Why is this important?
- Speed has increased 18% YoY compared to 11% between 2020 and 2021.
- Most states have seen an increase over the last two years (excluding WV and NM).
- Wednesday and Thursday have the fastest speeds and mid-morning is the time to get the fastest speeds.
- The Northeast and Southern regions of the U.S. have the fastest speeds in the country.
A recent Allconnect.com study of speed test results between August 2020 and September 2022 shows that internet speeds are increasing almost everywhere in the U.S.
However, whether you have seen an increase in speed or not is completely dependent on where you live and what type of internet is available at your exact address.
Top states with improved broadband speed
Allconnect’s data study shows that broadband speed has increased by 18% year-over-year compared to 11% between 2020 and 2021. In fact, most states have seen an increase over the last two years, except West Virginia and New Mexico.
As seen in the chart, Rhode Island can boast a 74% increase in its internet speed since 2020.
According to an article by WPRI, “Coaxial cable internet, which has trouble reaching higher internet speeds, is currently the most common connection for residents and small businesses throughout the state.”
Rhode Island hopes to expand fiber internet availability to further increase speeds.
The state also received $1.7 million in grants to expand internet access for low- and moderate-income Rhode Islanders across the state, as announced by Governor Daniel McKee in early 2021.
For the states left behind in the speed increase wave, New Mexico started studying the issue in 2021 and announced in fall 2022 they will use millions of dollars from a federal government grant to expand broadband and speeds in tribal areas first.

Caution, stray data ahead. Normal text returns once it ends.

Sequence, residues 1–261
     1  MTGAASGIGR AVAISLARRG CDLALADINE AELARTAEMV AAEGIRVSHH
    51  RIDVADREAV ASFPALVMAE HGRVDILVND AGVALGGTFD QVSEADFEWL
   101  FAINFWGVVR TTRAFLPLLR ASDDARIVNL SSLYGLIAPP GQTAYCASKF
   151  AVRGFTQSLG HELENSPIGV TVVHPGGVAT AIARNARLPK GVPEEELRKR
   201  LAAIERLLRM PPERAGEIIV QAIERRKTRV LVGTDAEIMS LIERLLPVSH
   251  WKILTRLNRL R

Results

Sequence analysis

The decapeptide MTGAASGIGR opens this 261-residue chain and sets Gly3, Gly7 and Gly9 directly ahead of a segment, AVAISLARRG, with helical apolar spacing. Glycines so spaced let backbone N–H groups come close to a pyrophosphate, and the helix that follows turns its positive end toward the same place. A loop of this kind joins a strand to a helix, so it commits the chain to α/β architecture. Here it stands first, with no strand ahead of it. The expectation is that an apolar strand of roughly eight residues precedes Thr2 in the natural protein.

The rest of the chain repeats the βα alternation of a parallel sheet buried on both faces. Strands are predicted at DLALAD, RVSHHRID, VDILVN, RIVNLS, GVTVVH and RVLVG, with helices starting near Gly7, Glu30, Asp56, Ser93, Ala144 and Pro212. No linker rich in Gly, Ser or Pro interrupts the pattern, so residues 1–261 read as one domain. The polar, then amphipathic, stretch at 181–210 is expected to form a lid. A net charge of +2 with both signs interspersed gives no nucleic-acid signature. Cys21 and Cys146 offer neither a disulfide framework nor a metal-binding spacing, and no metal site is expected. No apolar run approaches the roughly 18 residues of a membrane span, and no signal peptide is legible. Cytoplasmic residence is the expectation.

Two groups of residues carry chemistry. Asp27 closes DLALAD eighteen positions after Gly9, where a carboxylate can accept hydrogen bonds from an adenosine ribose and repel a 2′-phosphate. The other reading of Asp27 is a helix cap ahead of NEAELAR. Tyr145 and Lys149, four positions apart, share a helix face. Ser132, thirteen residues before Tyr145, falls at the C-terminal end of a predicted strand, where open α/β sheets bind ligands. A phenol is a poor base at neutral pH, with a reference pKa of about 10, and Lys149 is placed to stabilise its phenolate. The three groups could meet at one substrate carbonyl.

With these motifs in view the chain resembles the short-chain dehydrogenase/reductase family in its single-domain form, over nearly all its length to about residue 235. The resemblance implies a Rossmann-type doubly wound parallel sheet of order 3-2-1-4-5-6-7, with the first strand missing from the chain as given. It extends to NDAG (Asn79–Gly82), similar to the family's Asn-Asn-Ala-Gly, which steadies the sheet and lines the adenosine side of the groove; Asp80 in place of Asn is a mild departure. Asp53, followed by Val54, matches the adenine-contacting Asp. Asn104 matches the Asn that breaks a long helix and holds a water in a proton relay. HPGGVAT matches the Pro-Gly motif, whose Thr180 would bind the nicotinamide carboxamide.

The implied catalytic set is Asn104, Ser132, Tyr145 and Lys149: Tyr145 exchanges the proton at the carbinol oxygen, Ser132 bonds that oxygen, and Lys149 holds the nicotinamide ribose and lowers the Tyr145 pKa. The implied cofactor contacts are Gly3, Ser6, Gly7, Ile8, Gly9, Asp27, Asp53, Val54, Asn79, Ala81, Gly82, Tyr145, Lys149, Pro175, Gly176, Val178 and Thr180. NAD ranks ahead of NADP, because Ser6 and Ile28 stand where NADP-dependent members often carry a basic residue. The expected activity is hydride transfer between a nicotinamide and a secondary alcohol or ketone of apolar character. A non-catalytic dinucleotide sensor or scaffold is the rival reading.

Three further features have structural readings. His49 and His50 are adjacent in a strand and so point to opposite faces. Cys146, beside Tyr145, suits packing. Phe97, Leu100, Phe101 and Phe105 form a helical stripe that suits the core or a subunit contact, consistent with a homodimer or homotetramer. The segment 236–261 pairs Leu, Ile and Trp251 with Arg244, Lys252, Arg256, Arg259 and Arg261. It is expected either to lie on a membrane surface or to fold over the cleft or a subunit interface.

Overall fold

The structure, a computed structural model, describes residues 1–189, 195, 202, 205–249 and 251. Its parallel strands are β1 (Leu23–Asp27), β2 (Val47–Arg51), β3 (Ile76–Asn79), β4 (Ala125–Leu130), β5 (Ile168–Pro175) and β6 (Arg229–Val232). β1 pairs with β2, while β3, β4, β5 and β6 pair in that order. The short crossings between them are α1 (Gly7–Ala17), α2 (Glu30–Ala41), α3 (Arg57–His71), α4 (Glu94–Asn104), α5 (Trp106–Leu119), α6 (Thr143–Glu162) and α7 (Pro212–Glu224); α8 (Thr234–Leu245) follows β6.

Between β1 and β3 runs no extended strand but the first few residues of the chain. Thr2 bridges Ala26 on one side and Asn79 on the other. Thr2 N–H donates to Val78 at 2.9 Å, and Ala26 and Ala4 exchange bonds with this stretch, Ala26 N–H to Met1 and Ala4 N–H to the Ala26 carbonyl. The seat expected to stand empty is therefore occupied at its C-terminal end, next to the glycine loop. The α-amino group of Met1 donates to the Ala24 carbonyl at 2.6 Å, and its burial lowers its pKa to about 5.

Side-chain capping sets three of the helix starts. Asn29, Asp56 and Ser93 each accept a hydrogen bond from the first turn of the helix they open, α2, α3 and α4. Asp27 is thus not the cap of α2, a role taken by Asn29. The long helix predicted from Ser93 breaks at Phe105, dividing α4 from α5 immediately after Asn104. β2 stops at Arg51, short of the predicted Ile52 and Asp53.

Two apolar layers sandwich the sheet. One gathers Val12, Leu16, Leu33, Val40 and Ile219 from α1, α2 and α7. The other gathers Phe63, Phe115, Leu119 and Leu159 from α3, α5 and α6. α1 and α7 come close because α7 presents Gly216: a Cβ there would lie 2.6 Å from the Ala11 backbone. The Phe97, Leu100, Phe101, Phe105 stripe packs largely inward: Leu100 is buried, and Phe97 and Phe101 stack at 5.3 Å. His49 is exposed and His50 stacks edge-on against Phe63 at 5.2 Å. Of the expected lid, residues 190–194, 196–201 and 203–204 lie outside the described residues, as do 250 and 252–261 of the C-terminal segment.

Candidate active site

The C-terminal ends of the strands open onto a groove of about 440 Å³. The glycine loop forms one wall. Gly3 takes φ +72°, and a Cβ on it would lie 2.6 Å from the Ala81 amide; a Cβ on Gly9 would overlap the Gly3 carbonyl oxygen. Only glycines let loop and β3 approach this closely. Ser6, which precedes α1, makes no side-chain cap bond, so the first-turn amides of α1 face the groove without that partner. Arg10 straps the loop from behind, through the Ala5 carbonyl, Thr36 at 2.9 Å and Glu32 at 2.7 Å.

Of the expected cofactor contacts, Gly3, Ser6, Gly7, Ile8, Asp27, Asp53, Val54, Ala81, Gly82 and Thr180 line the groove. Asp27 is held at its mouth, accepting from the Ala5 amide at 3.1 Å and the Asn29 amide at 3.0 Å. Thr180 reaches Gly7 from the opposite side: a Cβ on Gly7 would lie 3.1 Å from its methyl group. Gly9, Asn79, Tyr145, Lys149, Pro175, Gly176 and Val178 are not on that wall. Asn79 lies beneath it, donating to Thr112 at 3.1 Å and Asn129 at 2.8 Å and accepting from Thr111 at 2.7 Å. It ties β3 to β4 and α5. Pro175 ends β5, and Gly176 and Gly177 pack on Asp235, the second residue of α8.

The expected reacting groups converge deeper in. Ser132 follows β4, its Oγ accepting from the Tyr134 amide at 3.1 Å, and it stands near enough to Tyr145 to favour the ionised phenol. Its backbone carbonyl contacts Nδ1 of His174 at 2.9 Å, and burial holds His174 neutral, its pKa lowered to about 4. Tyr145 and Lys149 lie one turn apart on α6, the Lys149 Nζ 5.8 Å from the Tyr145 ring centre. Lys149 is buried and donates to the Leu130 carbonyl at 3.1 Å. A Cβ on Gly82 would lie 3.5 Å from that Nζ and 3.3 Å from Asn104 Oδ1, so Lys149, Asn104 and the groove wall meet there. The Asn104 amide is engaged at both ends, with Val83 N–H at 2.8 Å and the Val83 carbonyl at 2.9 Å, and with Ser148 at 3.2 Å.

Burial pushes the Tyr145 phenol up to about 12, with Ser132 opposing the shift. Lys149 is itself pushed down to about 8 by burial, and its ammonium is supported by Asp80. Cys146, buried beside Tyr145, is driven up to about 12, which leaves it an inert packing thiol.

West Virginia has seen some false starts with expanding internet speed and availability across the state but has regrouped and received new funding to “expand high-speed broadband to 20,000 locations in the state, or 10 percent of locations in the state that lack access to broadband,” as reported by the Weirton Daily Times.
West Virginia offers DSL and cable through Frontier, Optimum and Xfinity.
Top 20 cities with increased internet speeds
Dayton, OH, increased its internet speed the most from 2021 to 2022, at 128%. Even with that boost, “40% of our residents don’t have access to fast internet and that’s huge,” said Dayton City Commissioner Matt Joseph, reported by Dayton247now.com.
The city is using its federal broadband funds to study the best way to expand fiber coverage and then implement that plan.
U.S. cities with the fastest internet speeds
The speed test data also showed the fastest cities in the U.S.
In the graphic below, we show the top cities with the greatest average download speed.
Big Spring, TX, was at the top across the country with an average speed of 453 Mbps. The cooperative WESTEX, T-Mobile’s 5G Home Internet, Optimum and AT&T are the larger providers in Big Spring. They provide from 4 to 1,000 Mbps in download speeds.
Average internet speeds by U.S. regions